Information becoming available since the December
meeting confirms that economic conditions in Europe were weakening late
last year, with risks still skewed to the downside. Reflecting this,
most forecasters have lowered their forecasts for world GDP growth this
year to a below trend pace. That said, recent data from the United
States suggest a continuing moderate expansion after a soft patch in mid
2011. Growth in China has moderated as was intended, but on most
indicators remained quite robust through the second half of last year.
Conditions around other parts of Asia have softened. Commodity prices
declined for some months to be noticeably off their peaks, but over the
past couple of months have risen somewhat and remain at quite high
The acute financial pressures on banks in Europe were
alleviated considerably late in 2011 by the actions of policymakers.
Much remains to be done to put European sovereigns and banks on a sound
footing, but some progress has been made. Financial market sentiment,
though remaining skittish, has generally improved since early December.
Share markets have risen and term funding markets have re-opened,
including for Australian banks, albeit at increased cost compared with
the situation prevailing in mid 2011.
Information on the
Australian economy continues to suggest growth close to trend, with
differences between sectors. Labour market conditions softened during
2011 and the unemployment rate increased slightly in mid year, though it
has been steady over recent months. CPI inflation has declined as
expected, as the large rises in food prices resulting from the floods a
year ago have been unwinding. Year-ended CPI inflation will fall further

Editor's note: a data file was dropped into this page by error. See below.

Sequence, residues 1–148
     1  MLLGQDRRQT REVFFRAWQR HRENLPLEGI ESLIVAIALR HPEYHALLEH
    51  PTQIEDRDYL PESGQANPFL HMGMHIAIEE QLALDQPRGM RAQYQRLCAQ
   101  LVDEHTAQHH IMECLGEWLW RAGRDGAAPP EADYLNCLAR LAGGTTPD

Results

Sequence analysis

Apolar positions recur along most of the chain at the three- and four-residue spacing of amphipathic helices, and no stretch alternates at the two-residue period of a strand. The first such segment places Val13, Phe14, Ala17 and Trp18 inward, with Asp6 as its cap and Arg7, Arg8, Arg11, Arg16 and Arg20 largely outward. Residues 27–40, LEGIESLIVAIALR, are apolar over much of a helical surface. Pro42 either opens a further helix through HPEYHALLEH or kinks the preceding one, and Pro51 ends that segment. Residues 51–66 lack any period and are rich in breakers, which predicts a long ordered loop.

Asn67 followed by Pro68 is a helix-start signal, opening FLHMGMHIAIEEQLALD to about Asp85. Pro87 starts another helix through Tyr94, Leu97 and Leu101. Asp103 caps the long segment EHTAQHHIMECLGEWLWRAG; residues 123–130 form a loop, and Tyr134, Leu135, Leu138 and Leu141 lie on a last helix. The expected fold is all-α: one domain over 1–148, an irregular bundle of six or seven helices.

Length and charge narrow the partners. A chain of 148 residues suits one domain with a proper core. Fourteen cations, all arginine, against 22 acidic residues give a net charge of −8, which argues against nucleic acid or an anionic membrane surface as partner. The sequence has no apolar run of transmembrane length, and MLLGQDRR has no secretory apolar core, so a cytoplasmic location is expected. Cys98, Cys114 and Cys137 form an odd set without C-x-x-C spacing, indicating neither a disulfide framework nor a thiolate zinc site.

over the next quarter or two. In underlying terms, inflation is around
2½ per cent. Over the coming one to two years, and abstracting from the
effects of the carbon price, the Bank expects inflation to be in the 2–3
per cent range.
Credit growth remains modest, though there has
been a slight increase in demand for credit by businesses. Housing
prices showed some sign of stabilising at the end of 2011, after having
declined for most of the year. The exchange rate has risen further, even
though the terms of trade have started to decline. This is largely a
reflection of a decline in the euro against all currencies. Nonetheless,
the Australian dollar in trade-weighted terms is somewhat higher than
the Bank had previously assumed.
At today's meeting, the Board
noted that interest rates for borrowers have declined to be close to
their medium-term average, as a result of the actions at the Board's
previous two meetings. With growth expected to be close to trend and
inflation close to target, the Board judged that the setting of monetary
policy was appropriate for the moment. Should demand conditions weaken
materially, the inflation outlook would provide scope for easier
monetary policy. The Board will continue to monitor information on
economic and financial conditions and adjust the cash rate as necessary
to foster sustainable growth and low inflation.